You may be able to find second hand copies cheaper (I saw an earlier edition in a second-hand bookshop last weekend for £15). Even the publishers Phillimore & Co Ltd, are offering the book at a greatly reduced £35.

Don’t forget that many libraries will also hold copies of this book as well, in fact my local library has two copies, one reference copy and one that can be borrowed (if you are quick enough when it come back or you reserve it).

The only caveat is that although this is the latest edition it was still published in 2003, so some of the information may well be out of date, and some of it may well be available on the internet now. However since I got my copy I am finding myself using it more and more in place of Google to find the locations of parishes and who their neighbours are.

As the title suggests the book is divided into two parts, the atlas and the index. The atlas section consists of two maps for each county; a topographical map (showing places, roads and some landscape features such as hills and rivers) and a parish map (showing the positions of the parishes and the ecclesiastical jurisdictions in which they fall).

The index section contains a list of the parishes within each county and details relating to the availability of the parish registers. The information for each county is as follows:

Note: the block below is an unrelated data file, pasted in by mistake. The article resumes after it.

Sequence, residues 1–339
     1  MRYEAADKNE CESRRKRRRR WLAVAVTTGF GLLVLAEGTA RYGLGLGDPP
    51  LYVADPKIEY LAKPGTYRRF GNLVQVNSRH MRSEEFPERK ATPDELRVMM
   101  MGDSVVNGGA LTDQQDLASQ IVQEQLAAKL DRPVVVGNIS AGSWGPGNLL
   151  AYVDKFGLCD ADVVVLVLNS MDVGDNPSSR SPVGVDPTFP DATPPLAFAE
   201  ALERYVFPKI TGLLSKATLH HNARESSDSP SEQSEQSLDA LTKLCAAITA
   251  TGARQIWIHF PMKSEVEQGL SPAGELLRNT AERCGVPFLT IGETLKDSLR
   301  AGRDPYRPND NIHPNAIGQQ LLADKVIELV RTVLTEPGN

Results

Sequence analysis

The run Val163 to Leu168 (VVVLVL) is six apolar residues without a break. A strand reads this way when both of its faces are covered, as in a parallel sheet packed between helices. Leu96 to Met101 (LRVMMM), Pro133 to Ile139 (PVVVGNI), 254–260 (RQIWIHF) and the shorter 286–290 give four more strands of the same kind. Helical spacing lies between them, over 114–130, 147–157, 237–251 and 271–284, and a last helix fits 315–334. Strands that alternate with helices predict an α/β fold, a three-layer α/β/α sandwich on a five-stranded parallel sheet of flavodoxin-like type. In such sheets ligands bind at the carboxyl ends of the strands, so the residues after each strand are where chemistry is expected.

1. Parish name
  2. Deposited original registers – the date range for original parish registers deposited at the County Record Office
  3. I.G.I. – coverage in the International Genealogical Index
  4. Local census indexes – availability of locally produced census indexes
  5. Copies of registers at Soc. Gen. – the dates of copies of the parish registers held by the Society of Genealogists
  6. Boyd’s marriage index – dates included in Boyd’s marriage index
  7. 1837-1851 registration district – name of the registration district in which the parish can be found
  8. Pallot’s marriage index – dates included in Pallot’s marriage index
  9. Non-conform. records at P.R.O. – dates of non-conformist records held at The National Archives
  10. Map ref. – refering to the parish map in the first section of the book

I have used this book for many things, but it is especially useful for identifying the location of a parish in relation to those around it, especially for unfamiliar counties, such as when my ancestry drifts eastwards into Kent.

It is useful for identifying the correct spelling of an unfamiliar parish, or rather trying to work out what the enumerator or transcriber actually meant as a place of birth in the census.

Although some of this information may seem redundant now, because so much is on the internet and indexed, much of the information still remains relevant, after all, the historical geography of our ancestor’s parishes haven’t changed even if the current boundaries have moved.

Whilst it would be nice to see an updated edition, I fear that without it being online it would become out of date as soon as it was published. So always check the catalogues of the County Record Offices and the Society of Genealogists for the latest information.